'This is an extraordinary moment in Europe's history. There are decisions of enormous importance that we have taken which expand and extend the boundaries of Europe, make Europe into a different institution, make it into indeed a different union altogether for the future, and when we look back at the history of Europe over many hundreds of years, and in particular the history of the 20th century, and we reflect on all the war, and devastation, and disaster, and conflict, and then we realise that today we are reuniting Europe, I think it is truly a moment that we can be very proud of and offers us huge hope for the future".
- Prime Minister Tony Blair, Copenhagen, December 2002
The New Member States
The new Member States are: Cyprus, Czech Republic, Estonia, Hungary, Latvia, Lithuania, Malta, Poland, Slovakia and Slovenia. After a decade of tough reforms and detailed negotiations, the Copenhagen European Council of December 2002 agreed that these countries could join the EU on 1 May 2004. The Accession Treaty, signed in Athens on 16 April 2003, and will be subject to ratification by all existing and new Member States.
Why Enlarge the EU?
An enlarged European Union will boost European stability, security, trade, jobs and prosperity (independent research estimates are that enlargement will add £1.75bn to UK GDP and create over 300,000 jobs across the EU). Since 1990, UK trade with the ten new Member States has increased by over 400% compared with a 43% increase in our trade with the rest of the world.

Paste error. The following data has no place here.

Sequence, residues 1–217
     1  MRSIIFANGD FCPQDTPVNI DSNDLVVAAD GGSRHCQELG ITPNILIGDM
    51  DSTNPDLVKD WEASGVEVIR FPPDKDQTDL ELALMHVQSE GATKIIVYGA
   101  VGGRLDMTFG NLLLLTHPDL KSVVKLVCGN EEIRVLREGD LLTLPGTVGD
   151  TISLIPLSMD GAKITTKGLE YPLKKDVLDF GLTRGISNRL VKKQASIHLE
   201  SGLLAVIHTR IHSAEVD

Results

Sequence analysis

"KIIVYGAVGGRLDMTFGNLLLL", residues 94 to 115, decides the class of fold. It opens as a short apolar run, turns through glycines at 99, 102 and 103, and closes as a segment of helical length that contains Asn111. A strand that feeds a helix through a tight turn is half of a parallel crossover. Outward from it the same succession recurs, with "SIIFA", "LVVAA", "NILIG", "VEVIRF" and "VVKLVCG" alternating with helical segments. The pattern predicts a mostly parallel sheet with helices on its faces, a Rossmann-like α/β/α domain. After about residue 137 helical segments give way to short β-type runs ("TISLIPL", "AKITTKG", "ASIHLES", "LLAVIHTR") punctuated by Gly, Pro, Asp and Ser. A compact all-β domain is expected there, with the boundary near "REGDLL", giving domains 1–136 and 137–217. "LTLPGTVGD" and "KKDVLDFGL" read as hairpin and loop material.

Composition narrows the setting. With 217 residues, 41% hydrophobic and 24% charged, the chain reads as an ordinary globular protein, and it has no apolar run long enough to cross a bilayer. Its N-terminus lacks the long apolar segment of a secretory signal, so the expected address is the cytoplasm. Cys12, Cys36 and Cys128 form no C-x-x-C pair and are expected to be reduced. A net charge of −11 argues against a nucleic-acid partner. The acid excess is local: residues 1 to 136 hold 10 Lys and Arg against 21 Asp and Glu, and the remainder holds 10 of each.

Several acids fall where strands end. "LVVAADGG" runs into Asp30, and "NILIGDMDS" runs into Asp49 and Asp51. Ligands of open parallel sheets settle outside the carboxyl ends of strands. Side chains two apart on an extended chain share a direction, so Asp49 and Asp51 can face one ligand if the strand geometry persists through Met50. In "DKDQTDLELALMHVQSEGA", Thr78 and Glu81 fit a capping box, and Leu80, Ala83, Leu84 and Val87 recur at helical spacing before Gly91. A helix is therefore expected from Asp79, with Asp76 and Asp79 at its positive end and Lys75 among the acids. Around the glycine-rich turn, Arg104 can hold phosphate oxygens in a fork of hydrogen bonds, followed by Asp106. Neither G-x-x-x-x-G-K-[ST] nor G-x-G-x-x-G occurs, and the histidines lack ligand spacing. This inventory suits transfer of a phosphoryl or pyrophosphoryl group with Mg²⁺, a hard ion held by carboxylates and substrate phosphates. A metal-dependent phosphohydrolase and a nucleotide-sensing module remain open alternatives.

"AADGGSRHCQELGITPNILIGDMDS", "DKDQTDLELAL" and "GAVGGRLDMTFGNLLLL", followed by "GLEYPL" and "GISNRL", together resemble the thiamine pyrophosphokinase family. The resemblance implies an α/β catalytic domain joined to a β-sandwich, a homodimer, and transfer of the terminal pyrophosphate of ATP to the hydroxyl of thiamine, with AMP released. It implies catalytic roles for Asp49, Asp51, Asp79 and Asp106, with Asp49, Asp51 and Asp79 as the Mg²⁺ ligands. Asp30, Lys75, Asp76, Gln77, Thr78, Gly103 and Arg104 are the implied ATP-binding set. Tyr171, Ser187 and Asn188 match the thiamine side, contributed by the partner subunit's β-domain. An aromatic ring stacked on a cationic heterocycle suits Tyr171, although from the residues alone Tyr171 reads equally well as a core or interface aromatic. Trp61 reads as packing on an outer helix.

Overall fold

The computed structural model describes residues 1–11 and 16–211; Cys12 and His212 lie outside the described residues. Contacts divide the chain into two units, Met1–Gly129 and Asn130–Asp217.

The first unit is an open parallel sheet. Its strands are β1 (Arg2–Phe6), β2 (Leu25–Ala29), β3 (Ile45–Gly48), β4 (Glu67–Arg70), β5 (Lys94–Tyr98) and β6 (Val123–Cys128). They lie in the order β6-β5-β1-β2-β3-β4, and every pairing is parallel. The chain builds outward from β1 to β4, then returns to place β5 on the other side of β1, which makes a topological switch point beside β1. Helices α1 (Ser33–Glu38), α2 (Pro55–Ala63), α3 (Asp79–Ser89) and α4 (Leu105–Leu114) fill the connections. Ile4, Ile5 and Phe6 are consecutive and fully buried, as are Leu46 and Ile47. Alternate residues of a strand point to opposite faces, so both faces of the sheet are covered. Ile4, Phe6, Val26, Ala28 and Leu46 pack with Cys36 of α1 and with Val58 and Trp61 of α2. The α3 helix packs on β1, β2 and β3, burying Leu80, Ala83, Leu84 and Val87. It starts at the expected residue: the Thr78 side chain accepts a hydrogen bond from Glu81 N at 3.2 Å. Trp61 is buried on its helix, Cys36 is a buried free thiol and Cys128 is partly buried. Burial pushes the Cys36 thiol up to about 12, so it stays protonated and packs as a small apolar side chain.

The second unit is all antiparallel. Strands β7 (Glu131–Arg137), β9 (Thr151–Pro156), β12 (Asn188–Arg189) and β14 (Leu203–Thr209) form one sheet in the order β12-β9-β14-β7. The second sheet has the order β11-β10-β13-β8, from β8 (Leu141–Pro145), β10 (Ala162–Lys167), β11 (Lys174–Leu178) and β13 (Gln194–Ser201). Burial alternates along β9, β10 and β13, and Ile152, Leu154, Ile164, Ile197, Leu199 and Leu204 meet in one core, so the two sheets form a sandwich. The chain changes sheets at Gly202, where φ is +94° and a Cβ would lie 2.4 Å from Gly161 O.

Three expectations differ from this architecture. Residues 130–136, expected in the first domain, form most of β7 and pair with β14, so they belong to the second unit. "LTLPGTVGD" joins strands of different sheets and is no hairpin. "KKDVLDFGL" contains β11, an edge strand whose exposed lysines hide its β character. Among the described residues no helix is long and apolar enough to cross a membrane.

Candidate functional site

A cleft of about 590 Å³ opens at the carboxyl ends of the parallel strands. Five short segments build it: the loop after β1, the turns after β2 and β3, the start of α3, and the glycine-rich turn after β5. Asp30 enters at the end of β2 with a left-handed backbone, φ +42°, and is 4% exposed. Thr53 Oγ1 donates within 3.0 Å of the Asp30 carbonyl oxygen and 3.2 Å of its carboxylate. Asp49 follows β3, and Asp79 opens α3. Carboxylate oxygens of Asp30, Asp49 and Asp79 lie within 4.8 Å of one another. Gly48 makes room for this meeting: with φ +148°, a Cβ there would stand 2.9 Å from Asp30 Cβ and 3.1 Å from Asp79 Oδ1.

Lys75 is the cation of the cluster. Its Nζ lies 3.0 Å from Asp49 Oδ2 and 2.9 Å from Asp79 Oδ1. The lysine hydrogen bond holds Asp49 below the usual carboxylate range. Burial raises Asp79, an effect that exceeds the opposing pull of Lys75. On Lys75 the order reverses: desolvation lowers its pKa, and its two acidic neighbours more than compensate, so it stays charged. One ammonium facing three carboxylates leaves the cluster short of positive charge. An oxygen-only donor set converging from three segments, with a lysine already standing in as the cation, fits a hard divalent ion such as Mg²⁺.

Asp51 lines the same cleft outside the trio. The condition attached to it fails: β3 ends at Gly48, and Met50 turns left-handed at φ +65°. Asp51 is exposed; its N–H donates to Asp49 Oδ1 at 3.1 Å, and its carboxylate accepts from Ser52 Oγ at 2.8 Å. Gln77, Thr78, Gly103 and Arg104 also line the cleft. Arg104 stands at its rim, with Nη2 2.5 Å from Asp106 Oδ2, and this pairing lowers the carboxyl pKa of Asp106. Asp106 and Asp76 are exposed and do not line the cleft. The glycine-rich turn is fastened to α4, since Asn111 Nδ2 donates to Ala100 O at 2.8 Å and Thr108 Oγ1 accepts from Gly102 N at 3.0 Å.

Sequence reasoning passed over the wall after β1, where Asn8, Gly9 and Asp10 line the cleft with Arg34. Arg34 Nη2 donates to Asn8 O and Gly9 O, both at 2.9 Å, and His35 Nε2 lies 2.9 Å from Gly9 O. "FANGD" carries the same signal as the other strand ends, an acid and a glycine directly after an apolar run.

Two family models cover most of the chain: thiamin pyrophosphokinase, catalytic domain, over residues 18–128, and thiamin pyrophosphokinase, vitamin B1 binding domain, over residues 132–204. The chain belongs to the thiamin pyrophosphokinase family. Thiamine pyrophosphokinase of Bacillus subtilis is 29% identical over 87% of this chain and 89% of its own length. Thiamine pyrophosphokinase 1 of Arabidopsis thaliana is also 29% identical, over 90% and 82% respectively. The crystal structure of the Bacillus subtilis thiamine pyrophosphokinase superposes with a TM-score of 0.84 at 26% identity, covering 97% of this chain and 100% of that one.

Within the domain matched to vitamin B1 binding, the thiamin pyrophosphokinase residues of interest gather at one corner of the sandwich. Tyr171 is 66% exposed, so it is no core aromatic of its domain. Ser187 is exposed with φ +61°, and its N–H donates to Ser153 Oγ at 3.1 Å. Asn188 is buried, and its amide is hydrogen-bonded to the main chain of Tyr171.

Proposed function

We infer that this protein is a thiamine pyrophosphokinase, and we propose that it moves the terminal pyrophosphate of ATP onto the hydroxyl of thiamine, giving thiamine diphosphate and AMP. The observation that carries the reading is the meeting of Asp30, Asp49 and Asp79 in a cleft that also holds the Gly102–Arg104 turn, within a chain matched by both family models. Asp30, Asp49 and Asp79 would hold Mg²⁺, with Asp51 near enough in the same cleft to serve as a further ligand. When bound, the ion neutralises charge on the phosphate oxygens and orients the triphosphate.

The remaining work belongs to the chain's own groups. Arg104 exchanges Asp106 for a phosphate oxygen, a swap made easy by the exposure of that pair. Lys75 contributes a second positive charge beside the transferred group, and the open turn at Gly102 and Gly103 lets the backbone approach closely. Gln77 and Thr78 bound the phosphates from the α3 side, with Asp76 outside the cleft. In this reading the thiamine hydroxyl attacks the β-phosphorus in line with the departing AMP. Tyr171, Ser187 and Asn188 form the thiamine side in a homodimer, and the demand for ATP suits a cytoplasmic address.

Copenhagen European Council
The deal done in Copenhagen was a historic achievement, uniting the continent after decades of division. As well as welcoming 10 new members to join on 1 May 2004, the European Council agreed on the shared objective of welcoming Bulgaria and Romania as members of the EU in 2007, depending on further progress in complying with the membership criteria. The UK believes that 2007 is an achievable target date for their accession. As for Turkey, the EU agreed to open accession negotiations “without delay”, if the European Council in December 2004, on the basis of a report and recommendation from the Commission, decides that Turkey fulfils the Copenhagen political criteria.
UK Champion of Enlargement
The UK has always been a strong supporter of enlargement and has played a leading role in moving the process forward. The enlargement accession negotiations began under the UK's Presidency of the EU in 1998. In a speech in Warsaw in October 2000 the Prime Minister, Tony Blair, was the first EU leader to call for new Member States to participate in the 2004 European Parliament elections. The Copenhagen European Council in December 2002 will go down in history as the watershed moment, when the political negotiation with the 10 candidate countries concluded, and the unification of Europe turned from ambitious vision into imminent reality.
Further information from the European Commission:
The Treaty of Accession (2003)
Full text of:
Read the Explanatory Memorandum on the Accession Treaty
European Union (Accessions) Bill
|European Union (Accessions) Bill (PDF, 72KB)|
|Regulatory Impact Assessment - European Union (Accessions) Bill (DOC, 43KB)|
|Explanatory Notes - European Union (Accessions) Bill (DOC, 56KB)|